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13 Historical Facts on Nigerian Literature

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Source: lacrosselibrary.org

 

1.      Written literature was introduced to Northern Nigeria in the 15th century by Arab scholars and traders; and Southern Nigeria, via missionary activities in the 1840s. 2.      The need to translate the bible for the new converts in Southern Nigeria led to some of the first publications in the country: A Grammar of the Ibo Language (1840) by pioneer missionary, Rev. J.F. Schon and A Vocabulary of the Yoruba Language (1843) by Samuel Ajayi Crowther, an ex-slave and the first African Bishop of the Niger Diocese of the Church Missionary Society. 3.      The first literature in English by a Nigerian was titled “The Interesting Narrative of the Life of Olaudah Equiano” aka “Gustava, the African” (1789) by Olaudah Equiano, an ex-slave. The book was an autobiography detailing how he was kidnapped as a boy of 12 from his village of Essaka near Benin and sold to a white slave trader, and how he eventually obtained his freedom. It became an instant best-seller, running into its ninth edition by the time of the author’s death in 1797. The Palmwine Drinkard 4.      The first indigenous novel in English was titled “The Palm-Wine Drinkard” (1952) by the legendary Amos Tutuola, a drop-out, as a result of the death of his father. Before his death in June 1997, he was a visiting fellow of the Obafemi Awolowo University, Ife, an honour that confirmed his international recognition. 5.      The Nigerian Civil War (1967 – 1970), which is said to have claimed the lives of over 100,000 soldiers, also claimed the life of one of the country’s most celebrated poets, Christopher Okigbo, and caused untold hardship to other writers like Wole Soyinka, who was detained for crying out against the atrocities perpetrated in the war. 6.      The War also provided inspiration for many writers, particularly those directly involved; it led to the birth Elechi Amadi’s Sunset in Biafra (1973), Wole Soyinka’s The Man Died (1972), Chukuemeka Ike’s Sunset at Dawn (1976), Ken SaroWiwa’s Sozaboy (1985), and Chimamanda Ngozi Adichie’s Half of a Yellow Sun (2007). Efuru 7.      Flora Nwapa, author of Efuru (1966), was the first published Nigerian female novelist and the first woman in Africa to have her work published in London. 8.      The first writing competition in Nigeria held in 1963 sponsored by the Ministry of Education 9.      The first novel in Igbo, Omenuko, was published in 1933 by Pita Nwana. 10.  While Yoruba became a written language in 1842. The earliest Yoruba book of poetry written by a Nigerian was “Kekere Iwe Orin Aribiloso” (1886) by Moses Lijadu. Ogboju Ode Ninu Igbo Irunmole 11.  The first Yoruba novel was “Itan Emi Segilola Eleyinjuege, Elegberun oko laiye” (1930) by Isaac B. Thomas. While Daniel Olurunfemi Fagunwa’s (who is said to be the best known Yoruba novelist) “Ogboju Ode Ninu Igbo Irunmale” (1938), is arguably the most popular literary work in Yoruba, which has been translated into English by Wole Soyinka as The Forest of a Thousand Daemons (1968). 12.  Zaynab Alkali is the first Nigerian female writer in English to emerge from the North. Her debut novel “The Stillborn” was published in 1984. 13.  Chinua Achebe’s legendary novel, Things Fall Apart (1958), has been translated into about 50 languages globally and has sold more than 12 million copies.   By Olusola Agbaje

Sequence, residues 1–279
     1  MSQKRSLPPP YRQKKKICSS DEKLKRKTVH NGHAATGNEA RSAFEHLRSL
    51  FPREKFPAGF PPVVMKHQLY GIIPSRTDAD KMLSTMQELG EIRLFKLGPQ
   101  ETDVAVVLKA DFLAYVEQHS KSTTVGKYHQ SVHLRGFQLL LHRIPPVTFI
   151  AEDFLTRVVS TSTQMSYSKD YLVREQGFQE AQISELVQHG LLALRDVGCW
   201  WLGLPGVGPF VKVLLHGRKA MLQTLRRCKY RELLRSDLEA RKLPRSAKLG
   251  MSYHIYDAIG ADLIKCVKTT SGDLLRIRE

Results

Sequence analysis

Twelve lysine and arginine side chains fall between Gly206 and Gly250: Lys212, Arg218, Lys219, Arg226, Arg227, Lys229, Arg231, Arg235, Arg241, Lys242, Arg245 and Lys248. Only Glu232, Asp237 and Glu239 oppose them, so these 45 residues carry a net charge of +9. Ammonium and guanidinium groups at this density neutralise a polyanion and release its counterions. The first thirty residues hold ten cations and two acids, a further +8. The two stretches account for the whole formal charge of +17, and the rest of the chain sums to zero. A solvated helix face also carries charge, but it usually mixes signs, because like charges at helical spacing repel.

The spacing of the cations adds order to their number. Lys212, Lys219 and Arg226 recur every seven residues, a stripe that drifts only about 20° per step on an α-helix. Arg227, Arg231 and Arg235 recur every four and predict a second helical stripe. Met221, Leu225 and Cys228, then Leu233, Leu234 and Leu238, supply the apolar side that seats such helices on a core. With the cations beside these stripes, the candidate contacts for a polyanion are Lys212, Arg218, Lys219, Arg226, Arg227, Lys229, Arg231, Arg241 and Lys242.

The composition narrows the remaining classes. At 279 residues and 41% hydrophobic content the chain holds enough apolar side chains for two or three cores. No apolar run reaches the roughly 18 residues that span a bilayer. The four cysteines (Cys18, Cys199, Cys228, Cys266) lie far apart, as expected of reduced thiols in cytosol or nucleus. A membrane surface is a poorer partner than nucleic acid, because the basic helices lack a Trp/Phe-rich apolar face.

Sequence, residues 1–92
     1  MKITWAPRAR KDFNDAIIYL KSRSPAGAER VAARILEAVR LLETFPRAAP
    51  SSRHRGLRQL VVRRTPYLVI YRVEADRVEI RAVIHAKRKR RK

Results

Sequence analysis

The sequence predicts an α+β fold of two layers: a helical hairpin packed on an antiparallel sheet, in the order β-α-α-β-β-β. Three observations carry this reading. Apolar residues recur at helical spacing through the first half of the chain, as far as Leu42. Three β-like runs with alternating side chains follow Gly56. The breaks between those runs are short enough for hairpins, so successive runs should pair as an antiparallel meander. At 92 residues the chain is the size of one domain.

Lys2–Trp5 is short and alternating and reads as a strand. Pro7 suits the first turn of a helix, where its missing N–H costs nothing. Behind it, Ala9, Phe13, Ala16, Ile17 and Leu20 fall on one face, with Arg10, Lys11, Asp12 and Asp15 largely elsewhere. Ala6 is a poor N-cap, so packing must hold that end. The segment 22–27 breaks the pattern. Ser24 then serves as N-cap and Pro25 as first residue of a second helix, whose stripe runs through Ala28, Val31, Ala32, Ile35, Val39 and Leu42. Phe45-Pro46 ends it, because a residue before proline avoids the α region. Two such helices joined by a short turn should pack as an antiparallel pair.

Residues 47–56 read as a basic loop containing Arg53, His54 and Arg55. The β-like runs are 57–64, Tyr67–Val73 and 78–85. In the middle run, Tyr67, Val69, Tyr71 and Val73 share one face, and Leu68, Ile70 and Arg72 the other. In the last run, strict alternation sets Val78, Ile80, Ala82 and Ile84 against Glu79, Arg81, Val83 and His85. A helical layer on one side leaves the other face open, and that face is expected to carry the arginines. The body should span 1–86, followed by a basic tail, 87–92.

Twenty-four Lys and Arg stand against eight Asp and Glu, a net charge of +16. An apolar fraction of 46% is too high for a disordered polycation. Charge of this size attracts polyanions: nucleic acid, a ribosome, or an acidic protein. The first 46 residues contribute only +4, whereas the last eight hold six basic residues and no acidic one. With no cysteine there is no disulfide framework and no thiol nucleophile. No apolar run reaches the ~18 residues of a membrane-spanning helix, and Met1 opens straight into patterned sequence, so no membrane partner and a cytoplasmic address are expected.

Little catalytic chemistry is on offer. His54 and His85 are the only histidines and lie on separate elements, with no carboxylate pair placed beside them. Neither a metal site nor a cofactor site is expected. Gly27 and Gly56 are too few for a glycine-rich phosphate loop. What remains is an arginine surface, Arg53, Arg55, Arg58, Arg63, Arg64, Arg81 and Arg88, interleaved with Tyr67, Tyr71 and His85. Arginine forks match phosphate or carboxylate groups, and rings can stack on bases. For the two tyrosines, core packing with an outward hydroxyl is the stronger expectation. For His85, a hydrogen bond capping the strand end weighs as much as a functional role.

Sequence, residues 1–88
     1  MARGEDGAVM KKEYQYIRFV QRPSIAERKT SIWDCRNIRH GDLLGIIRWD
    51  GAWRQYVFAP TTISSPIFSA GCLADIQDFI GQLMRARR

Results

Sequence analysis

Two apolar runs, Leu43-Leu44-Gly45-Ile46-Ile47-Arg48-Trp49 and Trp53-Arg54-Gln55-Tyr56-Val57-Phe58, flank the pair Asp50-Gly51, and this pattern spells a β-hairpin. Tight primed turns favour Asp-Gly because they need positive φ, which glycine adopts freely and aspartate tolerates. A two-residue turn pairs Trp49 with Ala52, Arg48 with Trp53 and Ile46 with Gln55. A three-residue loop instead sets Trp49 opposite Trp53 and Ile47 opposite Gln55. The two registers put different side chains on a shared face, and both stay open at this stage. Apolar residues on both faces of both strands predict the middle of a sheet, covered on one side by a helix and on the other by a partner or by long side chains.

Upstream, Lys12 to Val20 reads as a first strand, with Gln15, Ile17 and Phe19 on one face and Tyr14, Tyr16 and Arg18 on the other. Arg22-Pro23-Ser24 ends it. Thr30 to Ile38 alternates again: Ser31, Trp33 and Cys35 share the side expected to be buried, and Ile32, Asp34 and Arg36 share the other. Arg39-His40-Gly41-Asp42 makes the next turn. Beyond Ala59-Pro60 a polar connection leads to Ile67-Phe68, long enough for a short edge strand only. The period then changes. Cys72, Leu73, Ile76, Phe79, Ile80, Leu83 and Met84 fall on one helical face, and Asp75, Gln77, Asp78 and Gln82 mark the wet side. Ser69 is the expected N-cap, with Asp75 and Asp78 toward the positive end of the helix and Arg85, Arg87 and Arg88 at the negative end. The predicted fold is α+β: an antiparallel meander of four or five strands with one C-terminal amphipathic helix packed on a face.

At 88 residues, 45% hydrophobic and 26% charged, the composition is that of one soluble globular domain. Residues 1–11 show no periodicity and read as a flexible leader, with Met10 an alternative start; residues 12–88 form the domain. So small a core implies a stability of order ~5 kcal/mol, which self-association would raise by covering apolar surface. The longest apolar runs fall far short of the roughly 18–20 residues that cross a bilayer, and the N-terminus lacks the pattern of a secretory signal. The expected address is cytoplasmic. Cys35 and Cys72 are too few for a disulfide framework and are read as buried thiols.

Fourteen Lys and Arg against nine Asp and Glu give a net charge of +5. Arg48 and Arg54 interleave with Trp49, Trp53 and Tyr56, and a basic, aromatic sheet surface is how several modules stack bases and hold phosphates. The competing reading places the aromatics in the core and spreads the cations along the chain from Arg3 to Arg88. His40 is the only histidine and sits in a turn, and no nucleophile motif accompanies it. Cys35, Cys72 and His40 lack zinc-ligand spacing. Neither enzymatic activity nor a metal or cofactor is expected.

The post 13 Historical Facts on Nigerian Literature appeared first on Aphroden.

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